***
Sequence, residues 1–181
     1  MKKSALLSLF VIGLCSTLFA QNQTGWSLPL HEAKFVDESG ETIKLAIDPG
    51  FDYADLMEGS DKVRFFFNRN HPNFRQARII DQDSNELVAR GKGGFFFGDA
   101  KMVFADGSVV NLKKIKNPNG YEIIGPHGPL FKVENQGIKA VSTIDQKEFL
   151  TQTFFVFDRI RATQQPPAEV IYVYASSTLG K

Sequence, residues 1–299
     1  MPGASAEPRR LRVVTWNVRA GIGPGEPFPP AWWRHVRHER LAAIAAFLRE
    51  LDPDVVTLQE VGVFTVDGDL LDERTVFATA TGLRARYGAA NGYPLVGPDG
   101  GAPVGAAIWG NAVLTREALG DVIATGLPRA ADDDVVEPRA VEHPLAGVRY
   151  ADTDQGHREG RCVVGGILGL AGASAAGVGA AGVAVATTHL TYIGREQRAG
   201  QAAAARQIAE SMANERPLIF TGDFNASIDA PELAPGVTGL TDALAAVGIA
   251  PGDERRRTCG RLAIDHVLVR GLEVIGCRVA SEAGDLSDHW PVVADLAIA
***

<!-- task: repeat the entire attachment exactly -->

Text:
Sequence, residues 1–181
     1  MKKSALLSLF VIGLCSTLFA QNQTGWSLPL HEAKFVDESG ETIKLAIDPG
    51  FDYADLMEGS DKVRFFFNRN HPNFRQARII DQDSNELVAR GKGGFFFGDA
   101  KMVFADGSVV NLKKIKNPNG YEIIGPHGPL FKVENQGIKA VSTIDQKEFL
   151  TQTFFVFDRI RATQQPPAEV IYVYASSTLG K

Sequence, residues 1–299
     1  MPGASAEPRR LRVVTWNVRA GIGPGEPFPP AWWRHVRHER LAAIAAFLRE
    51  LDPDVVTLQE VGVFTVDGDL LDERTVFATA TGLRARYGAA NGYPLVGPDG
   101  GAPVGAAIWG NAVLTREALG DVIATGLPRA ADDDVVEPRA VEHPLAGVRY
   151  ADTDQGHREG RCVVGGILGL AGASAAGVGA AGVAVATTHL TYIGREQRAG
   201  QAAAARQIAE SMANERPLIF TGDFNASIDA PELAPGVTGL TDALAAVGIA
   251  PGDERRRTCG RLAIDHVLVR GLEVIGCRVA SEAGDLSDHW PVVADLAIA